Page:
Boggess followed bouncing ball, not musical notes
AREA TEAMS INCLUDED: Harlandale, LaSalle.
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Like Robert Johnson, Charlie Boggess was a guitarist whose instrument led him to a crossroads.
The nature of that junction is where their tales deviate. Johnson, a founding father of the blues, sold his soul to the devil at a crossroads in Mississippi. For Boggess, the crossroads the former southsider reached in 1981 was metaphorical rather than a physical location.
Three years into what would become a legendary coaching career at Alamo Heights, Boggess’ band Horizon appeared to be on the verge of taking him in a much different direction. A scout from Geffen Records was a regular at the band’s shows and the offer of a recording contract seemed an increasingly tangible and tantalizing possibility.
“We played before 16,000 people at the HemisFair,” the current Antonian boys basketball coach said. “The local kids came out and kicked (the Commodores’) butts. We were getting played on radio here. This guy saw us play in a small club setting, at Sunken Gardens and at the Commodores’ concert.”
Horizon had positioned itself for impending fame by paying dues for several years. The band included of Boggess’ brothers John on keyboards and Geoff on drums (both of whom played basketball at McCollum and St. Mary’s University) along with vocalist Orlando Gonzales.
It had worked its way up the ladder to land gigs opening for Lionel Richie’s band and Kool and the Gang at the height of those R&B bands’ fame. Boggess, son of Harlandale Hall of Fame member Chuck Boggess, was ready for what seemingly lie ahead.
“I had just started at Alamo Heights,” Boggess said, “but if I had signed, I would have given it up.”
After many inquiries, Horizon learned that the scout had died – and not much else about the situation.
If that music offer had been extended, it would have deprived the San Antonio area of its most successful coach, in terms of career wins.
Boggess had won 884 games prior to the Prince of Peace Tournament in Carrollton, which began Dec. 29. The LaSalle High School grad is in his fourth year at Antonian after recording the majority of those victories over 29 seasons at Alamo Heights.
Twice he guided the Mules to the UIL state tournament. In his first season at Antonian in 2011-12, he coached the Apaches to the TAPPS state finals.
“Charlie’s laid back and a very knowledgeable person,” said Rudy Bernal, who joined Boggess’ staff at Antonian as an assistant this year after winning 567 games as Lanier’s coach.
“He’s definitely one of those Xs and Os guys, He knows what he’s doing. Charlie does a great job of motivating kids and getting them ready to play.”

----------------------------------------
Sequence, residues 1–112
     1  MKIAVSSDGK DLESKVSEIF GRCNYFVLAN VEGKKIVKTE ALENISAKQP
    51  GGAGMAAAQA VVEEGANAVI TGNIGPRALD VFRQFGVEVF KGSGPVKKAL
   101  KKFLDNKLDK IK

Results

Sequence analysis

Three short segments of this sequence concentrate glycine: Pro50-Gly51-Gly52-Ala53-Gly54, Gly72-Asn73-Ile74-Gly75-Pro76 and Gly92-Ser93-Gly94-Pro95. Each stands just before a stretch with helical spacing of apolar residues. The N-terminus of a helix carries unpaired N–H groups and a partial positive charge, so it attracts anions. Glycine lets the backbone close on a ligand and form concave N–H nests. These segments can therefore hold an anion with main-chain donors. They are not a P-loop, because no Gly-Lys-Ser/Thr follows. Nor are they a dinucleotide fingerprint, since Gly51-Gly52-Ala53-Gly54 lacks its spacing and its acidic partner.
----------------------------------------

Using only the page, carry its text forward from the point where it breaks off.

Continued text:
The 65-year-old’s coaching career began in 1971 as a Harlandale assistant, when his father was the district superintendent. Chuck Boggess had been a drill instructor in the Army Air Corps, stationed at Randolph. He, too, started at Harlandale as the Indians’ head coach in 1947-48 and soon took on athletic director’s duties as well. After 12 years as coach, the patriach became Harlandale ISD’s first athletic director.
Boggess grew up in the heart of the southside, in a three-bedroom house at 154 Kendalia – between S. Flores St. and Pleasanton Ave. His heart never has really left.
“Every time I drive by over there,” Boggess said, “if I don’t have to be someplace, I’ll drive down Southcross and over by St. Leo. I still have an aunt who lives on South Flores.
“I was a part of that community, and your first home is where your home always is. I’m proud of being a southsider and I’m definitely proud of being a Harlandale Indian.”
Of course, he spent countless youthful hours watching his dad’s Harlandale teams play and absorbing lessons about implementing the day-to-day operations of a basketball program.
He and his father also had a hobby. Boggess earned his first $5 from his dad’s band, the Swinging Strings, playing standards like “Misty” and the Harlem Globetrotters anthem “Sweet Georgia Brown” as a 12-year-old.
Once dad set his guitar aside and the younger siblings grew up a bit, the sons began playing rock music. They soon graduated to a funk and blues mixture when Charlie was 25, John was 18 and Geoff 14.
By then, Charlie’s playing career was long over. A serious knee injury prevented him from playing after his days on the baseball and basketball teams at LaSalle – the only Catholic school on the south side when he graduated in 1967.
Boggess credits the abrupt end to his playing career for his hunger to coach, which he doesn’t anticipate being satiated any time soon.
“When I was a kid, I was driven by the dream and I was going to take it as far as I could,” Boggess said, referring to his playing career. “When I got that injury, I guess I didn’t get basketball out of my system, like John and Geoff did.”